According to Sierra Club’s Ready for 100 Initiative, many cities and states across the U.S. are on the path to confronting climate crisis by transitioning to 100% clean or renewable sources of energy. These 100% goals are becoming the new normal and the paths to achieving them are beginning to emerge. However, energy is complicated and there are challenges and risks in achieving 100% goals.
The terms “clean” and “renewable” are often thought to be interchangeable; however, there are subtle yet impactful differences between “clean” and “renewable” sources of energy. Renewable energy is derived from sources that can naturally replenish themselves, i.e. wind and sun. The clean energy (aka zero-carbon energy) sources consist of nuclear energy, fossil fuel energy with carbon-neutralizing technologies such as Carbon Capture and Sequestration (CCS), and renewable energy.
California recently enacted Bill SB100, legislation requiring the state to acquire 100% of its electricity from clean energy sources by 2045. It mandates 60% renewable energy sources by 2030 and the remaining 40% can come from other carbon-free sources. Similarly, 114 U.S. cities have officially declared they want 100% renewable energy sources for their electric power needs within the next two decades.
The cost of new-build renewable energy sources is coming down and the marginal cost for operating them is near zero, which makes renewables the most competitive source of electricity. According to the Energy Information Administration (EIA), renewable energy will account for about one-third of new electricity generation added to the U.S. grid over the next three years. Wind energy leads the way with 19,500 megawatts (MW) of installed capacity. Another 17,000 MW of wind, solar, and geothermal energy sources are now under construction. The accelerated growth of renewable energy projects is a response to high energy prices and growing state government support. In addition, uncertainty surrounding the end-of-year federal tax credits has led developers to expedite project completion by December 31.
Speed Bumps on the Path to Clean Energy
Most markets evaluate the competitiveness of energy sources by their levelized cost of electricity (LCOE) — the average price of electricity to break even over its lifetime without considering the value of flexibility to the energy system. Integrating renewable energy sources with dispatchable, carbon-free energy resources will strengthen renewables’ success in the medium to long-run.
But large quantities of renewable energy sources pose challenges for the grid when it comes to maintaining power system stability. The electric grid must be reliable and resilient to integrate renewable energy sources to achieve 100% clean energy goals.
Renewable energy is highly unpredictable and difficult to forecast. It tends to peak at the moments when consumer demand is lowest and recede at the moments when demand is greatest. As increasing amounts of renewable resources come on line, challenges emerge for using those resources efficiently. Ideally, when the sun is shining or the wind is blowing, utilities would want to utilize all available renewable energy in real time. However, there are times of the day when there is an oversupply of electricity forcing a need to curtail generation. Curtailment, in turn, diminishes return on investment and environmental benefits.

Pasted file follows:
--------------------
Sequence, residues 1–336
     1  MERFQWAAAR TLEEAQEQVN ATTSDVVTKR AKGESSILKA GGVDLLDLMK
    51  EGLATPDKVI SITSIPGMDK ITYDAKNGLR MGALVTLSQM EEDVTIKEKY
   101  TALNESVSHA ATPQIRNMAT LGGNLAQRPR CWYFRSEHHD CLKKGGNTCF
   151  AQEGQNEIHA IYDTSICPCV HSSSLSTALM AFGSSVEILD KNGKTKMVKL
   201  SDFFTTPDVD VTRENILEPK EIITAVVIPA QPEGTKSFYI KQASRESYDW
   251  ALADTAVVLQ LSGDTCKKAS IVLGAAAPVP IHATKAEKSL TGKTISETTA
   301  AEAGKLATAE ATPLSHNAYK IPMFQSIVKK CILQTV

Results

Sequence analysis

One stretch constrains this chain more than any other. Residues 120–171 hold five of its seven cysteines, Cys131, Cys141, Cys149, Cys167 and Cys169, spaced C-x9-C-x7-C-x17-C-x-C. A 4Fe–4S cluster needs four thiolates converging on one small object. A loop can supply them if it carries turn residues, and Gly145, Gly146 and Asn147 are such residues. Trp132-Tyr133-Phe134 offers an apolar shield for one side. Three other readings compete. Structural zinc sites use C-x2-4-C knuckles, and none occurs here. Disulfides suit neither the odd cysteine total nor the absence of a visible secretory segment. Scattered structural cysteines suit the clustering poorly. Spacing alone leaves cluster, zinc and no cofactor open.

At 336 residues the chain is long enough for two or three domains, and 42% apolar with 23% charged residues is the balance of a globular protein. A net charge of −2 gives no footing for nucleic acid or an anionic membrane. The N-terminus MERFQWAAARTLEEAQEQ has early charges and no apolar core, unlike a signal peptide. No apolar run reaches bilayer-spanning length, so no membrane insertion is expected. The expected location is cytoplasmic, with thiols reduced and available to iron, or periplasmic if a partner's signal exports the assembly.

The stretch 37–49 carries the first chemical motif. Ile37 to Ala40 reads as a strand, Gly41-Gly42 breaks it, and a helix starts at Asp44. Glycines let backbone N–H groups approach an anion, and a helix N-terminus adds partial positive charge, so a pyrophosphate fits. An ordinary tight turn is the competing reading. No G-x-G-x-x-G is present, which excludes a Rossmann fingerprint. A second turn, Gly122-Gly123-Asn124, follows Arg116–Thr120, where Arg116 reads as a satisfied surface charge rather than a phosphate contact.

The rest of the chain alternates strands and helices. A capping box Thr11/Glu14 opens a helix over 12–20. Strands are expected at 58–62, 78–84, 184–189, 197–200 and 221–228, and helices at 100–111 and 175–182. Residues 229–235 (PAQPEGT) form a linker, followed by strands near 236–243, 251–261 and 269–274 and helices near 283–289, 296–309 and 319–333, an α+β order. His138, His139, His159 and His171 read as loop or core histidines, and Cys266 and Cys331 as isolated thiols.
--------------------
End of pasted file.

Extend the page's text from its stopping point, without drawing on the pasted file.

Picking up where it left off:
Recent studies show that the risk of oversupply will grow in the near future with higher levels of renewable generation even after fossil fuel power plants have reduced their output. If the renewable generation were to be curtailed to mitigate the risk of overgeneration, that would be a missed opportunity to consume clean energy at low marginal cost. The risk of curtailment can be minimized by exporting excess power to other markets, developing energy storage systems, and electrifying transportation.
Bridging the Inherent Gaps of Clean Energy
It is critical for electric utilities to collaborate with local communities, corporations, and power producers to jointly make energy-related decisions because utilities know the potential costs and benefits of those decisions. In 2017, 23 Fortune 500 companies had set 100% renewables goals. That number has grown to 53 companies in 2018.
Relying more on renewable energy sources to meet our energy needs will require thoughtful discussions on innovating technologies, defining regulatory and legal frameworks, and creating real-time regional energy markets to effectively manage electricity oversupply.
For example, the CAISO’s Energy Imbalance Market (EIM) is a real-time energy market designed to automatically find low-cost energy to serve real-time consumer demand across a wide geographic area.
All ISOs and Regional Transmission Organizations (RTOs) run integrated day-ahead markets and real-time markets, but EIM enables CAISO to make its markets available outside of its ISO territory, resulting in grid reliability and cost savings for EIM participants. It allows participants to buy and sell power close to the time electricity is consumed and gives system operators real-time visibility across neighboring grids. The market platform balances supply and demand fluctuations by automatically identifying lower-cost resources to meet real-time power need.
To meet 100% clean energy goals, it is critical to integrate renewable generation and distributed energy resources, increase energy efficiency standards, and encourage investment in the infrastructure necessary to support commercial, Industrial, and transportation consumers.
Want to hear more? If you’re attending Electric Power ’19 in Las Vegas April 23-26, be sure to see Siraj and his peers discuss clean energy and other critical topics at “Western Energy Markets: The Challenge of Charting a New Course,” which is taking place April 24 at 1 p.m. at the Mirage Convention Center.